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🧙🏽♀️ The secret power of digital Dungeon Masters
Forming community, one quest at a time
I’m thrilled to be back here at New_ Public as our new Head of Editorial. We have grown tremendously since I was here last. I can’t wait to share some of what our teams are working on and to brag about our amazing partners and community-members.
What a moment for digital public space! I don’t need to tell you that social media as we know it is very much in flux. But there’s also so much vibrant and collaborative creation happening right now. So many new prototypes and spaces are in the works. I’m very excited to introduce you to amazing builders1 and stewards2 in the ever-expanding New_ Public community.
This week: Exploring the stewardship of Dungeon Masters and their incredible fan-made tools
Maybe the Real Adventure Was the Friends We Made Along the Way
The half-elf barmaid turns to you and hands you a flagon of amber-colored ale. She says she’s never heard of the abandoned mine Southwest of town that you asked her about. What do you do next?
What is a moderator really? Or an admin? We use the term “community stewards” for community leaders, facilitators, and moderators who both:
A) invest ongoing care into ensuring the health of a community and cultivating, protecting, and evolving community norms and B) lead with a sense of civic duty
But maybe there are stewards in places we’ve never thought to look before, like behind a tri-fold screen perhaps …
One fascinating example of the relationship between community and steward is a group playing online tabletop role-playing games, like Dungeons & Dragons, and the person facilitating the gameplay — the Dungeon Master, or DM.3
If you’ve never had the pleasure of playing anything like this, it’s important to note that while the DM typically helps establish the world of the game, they aren’t directing what actually happens. The action is determined by the players’ choices. In this way, tabletop RPGs, especially the ones played remotely over the internet, are often beautiful examples of how stewards can guide community members' decisions by setting the tone and norms.
Here’s New_ Public’s Digital Content Producer, Esther Abosch, with a deep dive video. I’ll be back after you’ve watched with some extra links to dive into the topic:
👾 Esther mentioned Discord, a fascinating platform with a history in gameplay. We’ve explored Discord twice before in this newsletter, both as a private social space, and as a space struggling to combat compartmentalized hatred and even terrorism.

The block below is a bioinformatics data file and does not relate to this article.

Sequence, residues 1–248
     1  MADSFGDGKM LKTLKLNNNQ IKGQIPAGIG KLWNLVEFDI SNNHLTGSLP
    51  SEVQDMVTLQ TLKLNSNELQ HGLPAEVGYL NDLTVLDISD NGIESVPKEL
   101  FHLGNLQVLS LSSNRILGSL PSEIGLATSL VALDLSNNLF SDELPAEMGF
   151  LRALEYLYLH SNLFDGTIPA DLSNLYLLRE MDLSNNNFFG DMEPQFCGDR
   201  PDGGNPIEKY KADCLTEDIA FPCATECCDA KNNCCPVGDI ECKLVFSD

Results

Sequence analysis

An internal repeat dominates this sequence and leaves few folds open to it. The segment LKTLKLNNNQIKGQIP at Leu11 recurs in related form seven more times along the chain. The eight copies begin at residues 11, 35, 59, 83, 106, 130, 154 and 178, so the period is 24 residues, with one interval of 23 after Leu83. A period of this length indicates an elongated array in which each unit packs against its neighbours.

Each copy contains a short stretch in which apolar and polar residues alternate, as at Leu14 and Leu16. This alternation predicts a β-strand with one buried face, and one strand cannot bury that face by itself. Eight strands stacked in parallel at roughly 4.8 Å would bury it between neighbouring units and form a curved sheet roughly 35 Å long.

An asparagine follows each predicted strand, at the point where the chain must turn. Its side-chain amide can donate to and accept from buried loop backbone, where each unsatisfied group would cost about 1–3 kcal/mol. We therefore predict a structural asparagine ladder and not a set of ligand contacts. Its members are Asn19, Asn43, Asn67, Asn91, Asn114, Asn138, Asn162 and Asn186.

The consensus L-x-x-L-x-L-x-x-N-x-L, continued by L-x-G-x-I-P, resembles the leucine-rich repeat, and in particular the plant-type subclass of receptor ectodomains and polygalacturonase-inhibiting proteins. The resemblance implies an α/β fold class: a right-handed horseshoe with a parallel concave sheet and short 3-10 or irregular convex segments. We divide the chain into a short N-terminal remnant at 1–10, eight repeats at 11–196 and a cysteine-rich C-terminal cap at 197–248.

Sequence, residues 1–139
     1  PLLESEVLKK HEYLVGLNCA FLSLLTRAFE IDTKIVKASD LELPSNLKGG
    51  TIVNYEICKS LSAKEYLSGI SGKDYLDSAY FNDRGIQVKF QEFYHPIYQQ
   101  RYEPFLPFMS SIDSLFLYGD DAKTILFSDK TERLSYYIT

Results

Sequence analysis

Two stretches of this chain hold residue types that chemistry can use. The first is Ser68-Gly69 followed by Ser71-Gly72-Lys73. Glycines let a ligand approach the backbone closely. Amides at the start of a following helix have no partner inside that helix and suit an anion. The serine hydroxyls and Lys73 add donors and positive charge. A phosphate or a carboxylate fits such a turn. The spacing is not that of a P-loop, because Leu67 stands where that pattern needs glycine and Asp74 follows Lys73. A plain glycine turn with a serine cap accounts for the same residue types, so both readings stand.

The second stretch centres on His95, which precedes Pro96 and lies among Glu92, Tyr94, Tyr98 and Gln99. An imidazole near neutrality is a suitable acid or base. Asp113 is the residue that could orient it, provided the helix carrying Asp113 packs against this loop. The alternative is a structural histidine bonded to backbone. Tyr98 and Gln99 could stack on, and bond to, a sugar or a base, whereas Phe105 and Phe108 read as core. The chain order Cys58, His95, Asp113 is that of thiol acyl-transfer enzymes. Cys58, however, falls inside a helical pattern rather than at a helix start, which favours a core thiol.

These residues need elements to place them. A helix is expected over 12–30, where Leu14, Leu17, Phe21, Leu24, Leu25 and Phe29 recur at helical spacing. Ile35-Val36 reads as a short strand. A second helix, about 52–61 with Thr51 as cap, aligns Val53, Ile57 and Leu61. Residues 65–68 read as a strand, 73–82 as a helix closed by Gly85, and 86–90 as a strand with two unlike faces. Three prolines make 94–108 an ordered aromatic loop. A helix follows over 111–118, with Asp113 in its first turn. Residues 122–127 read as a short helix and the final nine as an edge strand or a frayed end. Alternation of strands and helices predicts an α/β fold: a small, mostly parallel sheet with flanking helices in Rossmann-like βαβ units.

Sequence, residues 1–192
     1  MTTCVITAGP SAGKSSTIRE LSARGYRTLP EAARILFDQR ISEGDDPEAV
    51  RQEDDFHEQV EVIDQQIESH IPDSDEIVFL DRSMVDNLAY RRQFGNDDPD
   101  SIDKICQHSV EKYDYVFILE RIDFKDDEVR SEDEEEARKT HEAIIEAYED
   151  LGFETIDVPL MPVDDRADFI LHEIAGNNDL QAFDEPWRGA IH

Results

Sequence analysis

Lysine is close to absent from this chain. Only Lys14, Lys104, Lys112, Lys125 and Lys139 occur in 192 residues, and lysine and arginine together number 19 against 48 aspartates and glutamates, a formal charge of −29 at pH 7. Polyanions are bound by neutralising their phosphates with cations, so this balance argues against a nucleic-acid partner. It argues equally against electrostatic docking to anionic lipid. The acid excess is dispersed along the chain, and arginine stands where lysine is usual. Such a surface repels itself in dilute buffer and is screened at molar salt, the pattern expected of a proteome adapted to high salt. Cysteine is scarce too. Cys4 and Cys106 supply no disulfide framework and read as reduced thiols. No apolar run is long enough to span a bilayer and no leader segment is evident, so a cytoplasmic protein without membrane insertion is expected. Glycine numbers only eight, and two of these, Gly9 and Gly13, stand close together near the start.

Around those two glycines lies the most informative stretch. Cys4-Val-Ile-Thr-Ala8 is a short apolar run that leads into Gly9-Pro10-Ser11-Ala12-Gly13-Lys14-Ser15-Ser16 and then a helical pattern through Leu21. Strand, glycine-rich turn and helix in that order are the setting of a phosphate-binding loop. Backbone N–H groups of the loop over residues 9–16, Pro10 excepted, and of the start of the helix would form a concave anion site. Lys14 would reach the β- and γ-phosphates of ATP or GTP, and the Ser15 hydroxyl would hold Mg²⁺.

🎲 Roll20 stands as an independent, Kickstarter-launched competitor to D&D Beyond, an official product of Dungeons & Dragons’ publisher Wizards of the Coast. It’s not exclusive: users can play the latest D&D adventures on Roll20, but also many other games.
Builders might want to peek into the nuances of the various subscription tiers offered by both Roll20 and D&D Beyond. Stewards should review Roll20’s Code of Conduct. They get points for the plain-language guidelines, but how prosocial is it to prohibit discussion of moderation decisions in public forums?
📍 If you’ve seen any fictionalized portrayal of a TTRPG,4 it’s obvious that a lot of the play happens in the group’s collective imagination. But increasingly, there are amazing tools to create a companion experience that feels as vivid as a professionally-made videogame, like One More Multiverse. Some coworking platforms like Gather and Topia, which I wrote about previously, have similar interfaces.
🧭 We’re no strangers to fantasy games and the beautiful communities that can spring up around players. Here’s Erik Nikolaus Martin in New_ Public Magazine on queerness and digital liberation in World of Warcraft.
🎁 Finally, in addition to some of these more polished tools, the internet has loot-chests worth of free resources for both DMs and players, lovingly created by volunteers. For example, here are different character sheets intended for different kinds of players, including sheets for dyslexic and visually-impaired players or for children. Here’s a random adventure name generator.
Make an investigation check: check out Esther’s Are.na board she created in the process of putting together the video
I want to thank everyone who worked on the newsletter in the last year, especially Paul, who created some great newsletters and helped grow our audience significantly. I really enjoyed being a reader and occasional contributor, and I’ve got an amazing foundation to build on. Let’s get started!
If you’re not subscribed, now’s a great time to get on board this Substack.
Drawing my quarterstaff and readying the spell “Wall of Fire,”
Individuals or teams of engineers, designers, product managers, etc. who design and build online spaces
Stay tuned: there’s more about stewards below. But this is the term we use for community leaders, moderators, and facilitators who do a great job, both online and off.
Often, the term Game Master, or GM, is used instead. This is more multi-purpose for games beyond DnD, but also, it’s just less… kinky-sounding.
TTRPG = Tabletop Roleplaying Game. Keep up Newb!